“No suspect was arrested because the occupants of the boat who were moving towards Badagry fled and abandoned the products with the wooden boats upon sighting the navy patrol boats. They jumped into the water and swam to safety.”
On why the navy hasn’t stationed some personnel to man the area given the propensity for such illegalities in the area, he said, “Our men are stationed there and that is why we have been able to make these recoveries. They arrested the boats and sent them to the base here in Lagos.”
Speaking on why the suspects escaped, Adaji said, “It’s not a question of not being there, what happens is that no matter how close a navy boat is, once they sight it, they have two options- wait with what they are carrying and get arrested or abandon the products and jump into the water, which most of them do.
“This is because they know that their enterprise is illegal. The recoveries were made at the wee hours of Friday at about 12.25am. It is premature to say where the products are from but they have no basis to transport these products in that quantity and that is why they always abandon the products and flee whenever they come in contact with law enforcement agencies.
“We have had issues with pipeline vandalism and illegal refining of crude oil and the navy is all out to make sure that this is brought to an end. That is why we have intensified our patrols not just in the immediate Lagos area but also to the fringes of our borders.”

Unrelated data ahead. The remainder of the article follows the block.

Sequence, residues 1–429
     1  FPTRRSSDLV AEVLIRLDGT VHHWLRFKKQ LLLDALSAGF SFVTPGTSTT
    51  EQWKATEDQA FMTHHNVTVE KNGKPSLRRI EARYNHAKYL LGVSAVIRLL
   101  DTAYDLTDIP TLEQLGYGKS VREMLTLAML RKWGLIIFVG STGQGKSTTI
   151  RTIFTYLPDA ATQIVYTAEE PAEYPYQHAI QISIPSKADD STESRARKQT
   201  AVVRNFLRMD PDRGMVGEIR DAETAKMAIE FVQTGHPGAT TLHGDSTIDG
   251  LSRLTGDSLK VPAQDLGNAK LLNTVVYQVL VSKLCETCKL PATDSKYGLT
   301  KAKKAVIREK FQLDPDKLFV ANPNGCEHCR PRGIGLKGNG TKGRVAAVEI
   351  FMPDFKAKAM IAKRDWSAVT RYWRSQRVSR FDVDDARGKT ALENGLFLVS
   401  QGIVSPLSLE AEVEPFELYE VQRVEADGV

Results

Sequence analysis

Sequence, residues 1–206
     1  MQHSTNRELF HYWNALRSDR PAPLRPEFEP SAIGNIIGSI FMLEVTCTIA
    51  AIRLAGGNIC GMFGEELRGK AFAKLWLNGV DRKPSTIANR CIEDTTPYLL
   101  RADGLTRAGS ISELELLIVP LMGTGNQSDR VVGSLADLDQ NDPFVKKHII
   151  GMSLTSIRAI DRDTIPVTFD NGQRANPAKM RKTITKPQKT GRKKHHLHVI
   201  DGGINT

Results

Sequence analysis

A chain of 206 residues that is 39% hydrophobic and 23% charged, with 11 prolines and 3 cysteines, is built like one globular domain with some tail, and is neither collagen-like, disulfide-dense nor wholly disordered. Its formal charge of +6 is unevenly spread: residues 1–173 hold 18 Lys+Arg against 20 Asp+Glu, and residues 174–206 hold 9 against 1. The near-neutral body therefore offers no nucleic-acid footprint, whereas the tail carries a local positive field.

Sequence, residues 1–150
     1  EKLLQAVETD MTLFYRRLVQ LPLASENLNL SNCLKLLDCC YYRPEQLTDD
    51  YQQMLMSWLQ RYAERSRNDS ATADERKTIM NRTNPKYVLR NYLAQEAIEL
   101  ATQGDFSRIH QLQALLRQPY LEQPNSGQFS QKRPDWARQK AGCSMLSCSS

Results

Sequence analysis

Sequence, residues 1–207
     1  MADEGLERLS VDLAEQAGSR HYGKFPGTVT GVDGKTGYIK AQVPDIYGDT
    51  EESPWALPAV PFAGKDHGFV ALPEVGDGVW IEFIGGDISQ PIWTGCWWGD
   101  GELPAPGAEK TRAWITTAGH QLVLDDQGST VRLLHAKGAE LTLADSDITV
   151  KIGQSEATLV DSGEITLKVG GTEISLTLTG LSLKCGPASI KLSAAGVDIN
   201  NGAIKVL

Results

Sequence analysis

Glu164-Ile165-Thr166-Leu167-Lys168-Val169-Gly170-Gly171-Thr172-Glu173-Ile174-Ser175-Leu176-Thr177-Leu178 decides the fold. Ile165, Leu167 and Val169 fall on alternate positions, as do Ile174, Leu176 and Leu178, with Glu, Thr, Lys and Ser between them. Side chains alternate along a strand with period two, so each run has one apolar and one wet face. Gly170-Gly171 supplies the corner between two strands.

Explaining what the cartel does Adaji said, “Nigerians are not aware that there is a very big price difference between the cost of petrol in the nation and at the neighbouring countries. Petrol sells much higher at neighbouring countries and this price difference is enough incentive for criminals who want to evade the law and appropriate channels to smuggle petroleum products.
“I wouldn’t say directly that these are products of pipeline vandalism, but these products are most likely meant for local consumption in Nigeria, which people (suspects) have gotten and taken out to sell at high cost without passing through appropriate channels.”
Still in May, the navy handed over four pipeline vandals and 218 kegs of stolen products to the NSCDC for further investigation and possible prosecution. The suspected vandals were identified as 20-year-old Francis Agbaje, 24-year-old Erum Jack, 23-year-old Mathew Apaton and 24-year-old John Honfo.
Adaji, who handed over the suspects, said they were arrested at the Suntan Beach in Igbologun Community in Badagry, Lagos State. He said, “The suspects were arrested with 218 jerrycans of 25 litres each of petrol by the soldiers of the 9th Brigade of the Nigerian Army attached to the Operation MESA (OP MESA) following a tip-off.